LaRissa will compete at Miss Nebraska again this year as Miss Gering 2016.  Her personal platform of service is called ‘Feel The Difference: Empowerment Through Communication.’

“[It’s] based on Maya Angelou’s quote, ‘I’ve learned that people will forget what you said, people will forget what you did, but people will never forget how you made them feel.’  I will leave a legacy where I make people feel inspired and willing to take the act of listening through conversation to better the lives around them.”

LaRissa has all kinds of opportunities to communicate.. the girl is surrounded by people CONSTANTLY.  A University of Kansas graduate specialized in Accounting and Human Resources, LaRissa currently works three jobs; she’s a Head Instructor of summer high school/college dance camps with Universal Dance Association, she’s a full-time educator with Lululemon, and she’s a substitute paraprofessional in the district where she grew up, Millard Public Schools.  She volunteers every week with local 4th graders, helping them catch up on homework and answering questions.  LaRissa also takes part frequently at charity events, doing what she can to help as Miss Gering.

THEN.. there’s dance, a constant in LaRissa’s life for many years.

“I have judged the State Dance Competition for the last three years along with other local high school competitions and college regional competitions for the NAIA Nationals,” said LaRissa, who learned at and competed with Kitty Lee Dance, a place she still practices and volunteers.  “One of my biggest role models was Miss Kitty.  Not only did she instill my love for dance, she taught me to be stronger and never think you can’t improve.  She raised me in the studio and I can’t thank her enough for whacking my leg with a ruler to get my knees straight.  She was the first one to correct me in every dance class but also the first to congratulate me on a performance well done.  Even with her gone, I know she is watching every class and performance, smiling that her passion lives inside of me.”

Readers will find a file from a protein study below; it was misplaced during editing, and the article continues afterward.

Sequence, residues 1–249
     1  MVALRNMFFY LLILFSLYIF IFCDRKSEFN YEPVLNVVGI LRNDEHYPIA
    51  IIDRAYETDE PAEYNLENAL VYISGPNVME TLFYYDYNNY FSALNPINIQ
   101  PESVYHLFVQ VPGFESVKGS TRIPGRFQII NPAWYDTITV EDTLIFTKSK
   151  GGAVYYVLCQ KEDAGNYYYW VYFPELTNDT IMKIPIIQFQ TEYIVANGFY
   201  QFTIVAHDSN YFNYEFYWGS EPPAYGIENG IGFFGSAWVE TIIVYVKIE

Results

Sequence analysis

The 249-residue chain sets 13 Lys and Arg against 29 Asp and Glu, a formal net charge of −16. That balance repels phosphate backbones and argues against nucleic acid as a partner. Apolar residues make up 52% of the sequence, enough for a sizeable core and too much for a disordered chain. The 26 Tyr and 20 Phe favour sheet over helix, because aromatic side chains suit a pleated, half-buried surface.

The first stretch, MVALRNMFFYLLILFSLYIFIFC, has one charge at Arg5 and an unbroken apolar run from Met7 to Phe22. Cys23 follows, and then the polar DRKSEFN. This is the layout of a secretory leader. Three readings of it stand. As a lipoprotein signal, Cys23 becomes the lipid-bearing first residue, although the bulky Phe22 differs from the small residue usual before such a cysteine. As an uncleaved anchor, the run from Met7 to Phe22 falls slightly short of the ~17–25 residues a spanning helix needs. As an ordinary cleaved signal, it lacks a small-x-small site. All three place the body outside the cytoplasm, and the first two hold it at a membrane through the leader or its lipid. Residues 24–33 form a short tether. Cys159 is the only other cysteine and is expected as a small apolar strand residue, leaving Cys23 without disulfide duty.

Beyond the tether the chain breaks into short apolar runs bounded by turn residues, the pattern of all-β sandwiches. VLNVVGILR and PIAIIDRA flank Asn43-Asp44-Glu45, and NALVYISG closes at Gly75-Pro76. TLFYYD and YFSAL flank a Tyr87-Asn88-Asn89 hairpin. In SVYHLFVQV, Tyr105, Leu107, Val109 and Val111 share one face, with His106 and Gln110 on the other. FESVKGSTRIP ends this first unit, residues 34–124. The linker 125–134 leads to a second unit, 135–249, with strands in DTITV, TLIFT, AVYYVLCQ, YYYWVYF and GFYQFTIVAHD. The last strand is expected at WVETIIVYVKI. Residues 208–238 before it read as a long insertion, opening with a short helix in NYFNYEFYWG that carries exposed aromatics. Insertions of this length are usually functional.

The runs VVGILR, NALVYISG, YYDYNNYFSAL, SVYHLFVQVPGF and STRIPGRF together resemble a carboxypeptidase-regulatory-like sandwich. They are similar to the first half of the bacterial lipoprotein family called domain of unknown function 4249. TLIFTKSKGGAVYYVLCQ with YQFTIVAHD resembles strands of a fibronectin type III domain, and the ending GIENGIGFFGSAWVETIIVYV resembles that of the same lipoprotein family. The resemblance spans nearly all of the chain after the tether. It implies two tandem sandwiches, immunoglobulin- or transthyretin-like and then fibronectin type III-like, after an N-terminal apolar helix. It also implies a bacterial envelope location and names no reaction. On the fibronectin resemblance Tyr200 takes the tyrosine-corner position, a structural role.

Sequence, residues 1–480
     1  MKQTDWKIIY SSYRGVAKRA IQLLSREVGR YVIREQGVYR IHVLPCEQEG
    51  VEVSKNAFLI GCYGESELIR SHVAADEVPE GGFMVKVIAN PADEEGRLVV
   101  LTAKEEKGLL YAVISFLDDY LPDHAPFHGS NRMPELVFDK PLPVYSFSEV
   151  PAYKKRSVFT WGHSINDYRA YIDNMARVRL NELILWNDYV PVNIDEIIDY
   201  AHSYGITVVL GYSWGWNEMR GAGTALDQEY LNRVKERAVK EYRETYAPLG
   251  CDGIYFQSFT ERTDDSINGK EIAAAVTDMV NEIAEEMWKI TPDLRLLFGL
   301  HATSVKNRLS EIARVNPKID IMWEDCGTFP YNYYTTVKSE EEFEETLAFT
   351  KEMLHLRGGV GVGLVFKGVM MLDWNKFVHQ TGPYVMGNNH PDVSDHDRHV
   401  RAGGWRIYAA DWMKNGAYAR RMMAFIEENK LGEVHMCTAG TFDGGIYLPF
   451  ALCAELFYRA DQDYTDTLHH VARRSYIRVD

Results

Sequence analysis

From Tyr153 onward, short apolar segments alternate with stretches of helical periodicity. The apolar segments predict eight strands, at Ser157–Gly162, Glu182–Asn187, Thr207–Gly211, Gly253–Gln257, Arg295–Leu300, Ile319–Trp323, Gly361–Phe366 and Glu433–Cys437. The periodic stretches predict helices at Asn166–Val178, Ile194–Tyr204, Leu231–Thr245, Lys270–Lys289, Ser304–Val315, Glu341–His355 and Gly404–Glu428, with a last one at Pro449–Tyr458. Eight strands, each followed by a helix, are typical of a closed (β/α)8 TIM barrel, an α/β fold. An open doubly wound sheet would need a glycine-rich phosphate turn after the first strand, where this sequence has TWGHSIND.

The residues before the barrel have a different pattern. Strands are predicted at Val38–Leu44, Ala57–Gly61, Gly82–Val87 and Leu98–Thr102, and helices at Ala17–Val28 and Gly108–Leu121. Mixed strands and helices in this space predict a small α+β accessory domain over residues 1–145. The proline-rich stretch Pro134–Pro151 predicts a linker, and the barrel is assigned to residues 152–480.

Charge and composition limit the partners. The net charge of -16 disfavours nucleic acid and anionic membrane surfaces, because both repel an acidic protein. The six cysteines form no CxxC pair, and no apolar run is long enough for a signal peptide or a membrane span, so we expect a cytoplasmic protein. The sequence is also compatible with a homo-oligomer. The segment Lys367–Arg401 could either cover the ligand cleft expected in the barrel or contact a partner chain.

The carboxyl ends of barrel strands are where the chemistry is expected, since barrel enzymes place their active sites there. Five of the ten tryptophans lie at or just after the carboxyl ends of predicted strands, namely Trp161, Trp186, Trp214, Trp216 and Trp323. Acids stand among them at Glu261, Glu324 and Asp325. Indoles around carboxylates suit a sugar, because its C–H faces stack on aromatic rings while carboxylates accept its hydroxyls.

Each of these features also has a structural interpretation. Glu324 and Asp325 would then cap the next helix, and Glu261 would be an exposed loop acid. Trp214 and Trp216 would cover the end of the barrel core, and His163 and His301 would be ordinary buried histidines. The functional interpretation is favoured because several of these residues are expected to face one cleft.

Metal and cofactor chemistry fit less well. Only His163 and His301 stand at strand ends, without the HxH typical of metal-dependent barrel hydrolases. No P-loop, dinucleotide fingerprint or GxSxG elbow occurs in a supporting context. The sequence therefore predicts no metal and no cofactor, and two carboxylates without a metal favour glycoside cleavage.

Talent is LaRissa’s favorite part of the Miss Nebraska Pageant; she plans to combine her love of comedy and dance to present a musical theater piece with ‘an element of surprise’ this year.

“Not only does [talent] set our system apart from others, it is truly beautiful to see all the contestants show their art to the world,” said LaRissa.  “I love watching the contestants light up the floor with their interests and show a piece of themselves to everyone.  The emotion that can be portrayed in 90 seconds gives me goosebumps and really shows the uniqueness of every competitor.”


That’s one of the things LaRissa hopes to share with pageant naysayers.. to learn more about the women who take part before forming an opinion.

“I remember going to pageants as a young girl and telling my mom I couldn’t wait to be as pretty or as talented as the women that compete for Miss Nebraska,” said LaRissa.  “The majority of people who compete are varsity athletes in their schools, Honor Roll recipients, and leaders in their community.  They are some of the most respected people and receive more credit for being mentors to people all across the nation.”